Scorching Sicily - a road trip around the Med's biggest island

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Part 1 - Top 10 tips for surviving on Sicily's roads

Italians have a reputation for producing some of the best racing cars and racing drivers in the world, however Italian driving on public roads can sometimes seem a little eccentric. In Sicily, however this driving trait has been taken to completely new levels. My very best advice for driving in Sicily would be to not drive at all! However, if you really feel you have to then here are some tips for surviving the scary streets of Sicily...

1) First off, get the maximum possible insurance coverage when you hire your car. There will nearly always be an excess to pay in the event of damage so make sure you purchase extra insurance to cover this. Companies like offer good value policies that cover you on multiple trips for this sort of thing.

2) Stay alert. Sicilians have a unique way of driving whereby they are acutely aware of the space immediately surrounding their cars. This means that they are excellent at avoiding accidents but at the same time are almost continuously helping to cause accidents!

3) Never give way voluntarily. Sicilians do not give way and so doing so is just more likely to cause confusion and therefore an accident.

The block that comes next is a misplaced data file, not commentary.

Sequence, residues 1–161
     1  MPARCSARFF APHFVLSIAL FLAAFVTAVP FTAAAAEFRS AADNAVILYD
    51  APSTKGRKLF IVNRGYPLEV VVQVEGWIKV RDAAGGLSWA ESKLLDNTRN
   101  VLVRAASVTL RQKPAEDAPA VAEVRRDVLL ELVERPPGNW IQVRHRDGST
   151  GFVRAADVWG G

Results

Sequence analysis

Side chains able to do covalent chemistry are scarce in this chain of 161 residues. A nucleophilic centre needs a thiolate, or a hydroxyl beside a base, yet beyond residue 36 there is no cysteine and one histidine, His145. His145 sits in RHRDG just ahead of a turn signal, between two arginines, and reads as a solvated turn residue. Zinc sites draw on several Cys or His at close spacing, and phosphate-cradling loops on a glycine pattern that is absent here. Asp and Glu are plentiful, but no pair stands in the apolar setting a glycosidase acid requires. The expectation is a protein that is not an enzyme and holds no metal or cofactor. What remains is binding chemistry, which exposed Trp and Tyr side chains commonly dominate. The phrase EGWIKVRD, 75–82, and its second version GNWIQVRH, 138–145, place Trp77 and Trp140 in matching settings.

4) Use your horn almost continuously. This is common practice and is not seen as rude or aggressive, but rather a way of everyone letting each other know where they are on the road.

5) Expect the unexpected. Overtaking on blind bends, driving through red traffic lights... just some of the practices that you will experience on a regular basis.

6) Be aware of child safety. It is not uncommon to see Sicilian children sitting on laps or leaning out of windows in cars. We even witnessed a young child lying on the parcel shelf of a car as it sped down the motorway!

7) Beware of mopeds. They are everywhere.. particularly in the larger towns... and they operate on a whole new set of road rules above and beyond the car driver.

8) Be aware that the motorways are very different to most of the rest of Europe. It is not unusual for bushes in the central reservation to be growing well out into the actual road... thereby significantly narrowing the lane. Similarly, roadworks signs etc are often placed at the edge of the lanes rather than on the shoulder. Also, it's worth noting that motorway exits often have very short and bendy run-offs and therefore require rapid braking.

9) Avoid town centres. Traffic in the city centres such as Palermo and Catania is always hectic and often subject to strange local rules about rights of way etc. Similarly, parking is limited and haphazard.

10) Finally, even if you do manage to avoid any accidents, you are almost certain to witness one. Often these are pretty minor affairs with no injuries, but they invariably develop into a big scene involving a throng of witnesses, passers-by, extended families etc etc, plus an awful lot of shouting and gesticulating. All very entertaining if you find a suitable place to pull over and watch the drama unfold!

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